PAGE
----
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October 19 2019
CB-CID cracks Salem train robbery case
27 August 2018

MP gang behind ₹5.75 crore loot

In a major breakthrough, the Crime Branch CID of the Tamil Nadu police has cracked the sensational train heist case in which ₹5.75 crore cash assigned to the Reserve Bank of India (RBI) was looted from a moving train a couple of years ago.

The unprecedented train robbery occurred on the Salem-Chennai Express on the night of August 8, 2016, after a gang broke into the parcel van containing ₹342 crore of soiled but usable currency, and took away ₹5.75 crore.

The stolen money was in ₹500 and ₹1,000 denomination notes that were later demonetised. The gang cut through the roof of the train making an opening measuring 2 ft by 1.5 ft.

Technical evidence

After months of strenuous investigation hit a dead end, a special team of the CBCID that was consistently tracking different leads finally hit upon technical evidence that led to the breakthrough. Sources in the agency told The Hindu on Sunday that a gang of criminals from Madhya Pradesh was involved in the heist.

It was technical evidence coupled with months of meticulous investigation that led the police to crack the train robbery and nail the gang in the case.

Going by the mobile phones that were active in the scene of crime, investigators believe that the suspects — four to five men — broke open the roof of the coach to steal the cash as the train moved from Salem to Villupuram.

“We have established clear technical evidence which confirms their involvement. While analysing suspicious mobile phone numbers that were active at the Salem junction and along the route between Salem and Villupuram, we found certain similarities between some numbers. The users were from Madhya Pradesh and belonged to the same locality there. Enquiries revealed that the notorious gang was involved in several grave crimes in north India,” a CB-CID official said, adding that the gang operated on the roof and inside the coach all along since armed guards of the Salem city police escorting the train inspected the parcel van at all scheduled stoppages.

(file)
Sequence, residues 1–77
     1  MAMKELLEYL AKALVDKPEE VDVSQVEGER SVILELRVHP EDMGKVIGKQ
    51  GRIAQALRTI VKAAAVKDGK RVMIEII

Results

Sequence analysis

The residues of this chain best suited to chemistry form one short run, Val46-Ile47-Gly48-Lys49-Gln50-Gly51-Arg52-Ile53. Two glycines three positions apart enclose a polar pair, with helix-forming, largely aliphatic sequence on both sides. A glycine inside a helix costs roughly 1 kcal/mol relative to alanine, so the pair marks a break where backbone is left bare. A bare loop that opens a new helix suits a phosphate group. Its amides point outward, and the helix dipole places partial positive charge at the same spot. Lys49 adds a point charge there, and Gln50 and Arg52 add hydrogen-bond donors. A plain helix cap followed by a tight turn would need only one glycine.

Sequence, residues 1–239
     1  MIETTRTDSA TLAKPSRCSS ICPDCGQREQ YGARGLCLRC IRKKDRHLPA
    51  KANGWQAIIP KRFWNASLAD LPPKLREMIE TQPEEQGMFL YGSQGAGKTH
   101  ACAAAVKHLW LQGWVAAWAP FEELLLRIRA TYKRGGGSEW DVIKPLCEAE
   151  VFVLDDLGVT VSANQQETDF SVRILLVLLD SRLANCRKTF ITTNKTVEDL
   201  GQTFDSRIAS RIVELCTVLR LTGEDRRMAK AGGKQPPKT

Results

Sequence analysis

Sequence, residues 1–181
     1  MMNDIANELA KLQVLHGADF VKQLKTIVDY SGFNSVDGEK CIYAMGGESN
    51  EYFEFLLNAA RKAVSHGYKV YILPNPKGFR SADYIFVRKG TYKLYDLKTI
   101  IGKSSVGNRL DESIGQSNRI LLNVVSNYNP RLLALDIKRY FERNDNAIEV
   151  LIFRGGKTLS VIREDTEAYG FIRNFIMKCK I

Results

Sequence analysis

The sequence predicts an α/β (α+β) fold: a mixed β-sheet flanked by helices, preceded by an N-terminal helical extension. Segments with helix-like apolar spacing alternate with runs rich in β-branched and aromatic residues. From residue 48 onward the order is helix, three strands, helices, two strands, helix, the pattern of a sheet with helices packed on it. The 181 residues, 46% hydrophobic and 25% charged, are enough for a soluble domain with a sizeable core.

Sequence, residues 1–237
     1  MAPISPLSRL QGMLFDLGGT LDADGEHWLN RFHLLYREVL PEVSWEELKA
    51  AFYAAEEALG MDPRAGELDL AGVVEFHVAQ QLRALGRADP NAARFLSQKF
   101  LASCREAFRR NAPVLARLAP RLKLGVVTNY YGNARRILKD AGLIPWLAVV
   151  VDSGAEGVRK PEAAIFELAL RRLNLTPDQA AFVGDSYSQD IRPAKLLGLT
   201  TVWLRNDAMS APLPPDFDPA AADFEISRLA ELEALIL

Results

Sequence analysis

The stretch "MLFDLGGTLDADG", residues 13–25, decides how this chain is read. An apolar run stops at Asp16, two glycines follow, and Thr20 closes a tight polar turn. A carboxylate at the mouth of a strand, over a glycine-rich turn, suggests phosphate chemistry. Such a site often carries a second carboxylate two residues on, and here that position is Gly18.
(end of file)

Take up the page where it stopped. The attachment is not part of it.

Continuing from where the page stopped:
While special teams were coordinating with central intelligence agencies and the Madhya Pradesh police to apprehend the gang, investigators were perusing CCTV footage at the Salem junction and toll plazas along national highways in Salem and Villupuram districts to zero in on visuals of the suspects.

The suspects, numbering four to five men, broke open the roof of the coach to steal the cash as the train moved from Salem to Villupuram.

“We have established clear technical evidence which confirms their involvement. While analysing suspicious mobile phone numbers that were active at the Salem junction and along the route between Salem and Villupuram, we found certain similarities between some numbers. The users were from Madhya Pradesh and belonged to the same locality there. Enquiries revealed that the notorious gang was involved in several grave crimes in north India,” a CB-CID official said.

While special teams were coordinating with central intelligence and Madhya Pradesh police to apprehend the gang, investigators were perusing CCTV footage at the Salem junction and toll plazas along national highways in Salem and Villupuram districts to zero-in on visuals of the suspects or their vehicles. “We know who committed the crime. They are now absconding and several teams are working to track them down. It is only a matter of time before they are taken into custody,” the official said.

‘Insider involved’

On how the gang came to know of the high-value consignment, the official said information was leaked by an ‘insider’ who had prior information on the cash movement. Asked if the gang had planned to loot the entire parcel of ₹342 crore, the official said the cash was put in 226 wooden boxes and it would have been impossible to open them all and take the money, given the time and other constraints. “Since the heist was detected only around 11 a.m. the next day, the criminals had adequate time to escape and drive for at least 10 hours,” the official said.

Parrying questions on whether they managed to exchange the demonetised currency for new notes, the official said the arrest of the gang would lead to the recovery of cash, if any left, weapons/machinery used to commit the offence, details of vehicles used, etc.

Since there was no record of any serial numbers, the police may find it difficult to link any seizures with the stolen money. Investigators heavily relied on corroborative and circumstantial evidence, including technical, scientific and eyewitness statements, to fix the gang.

During the course of investigation, CB-CID teams visited various States and examined hundreds of suspects. The police kept a watch on places where the soiled currency notes could be used for transactions in large quantities, like construction sites.

 

 

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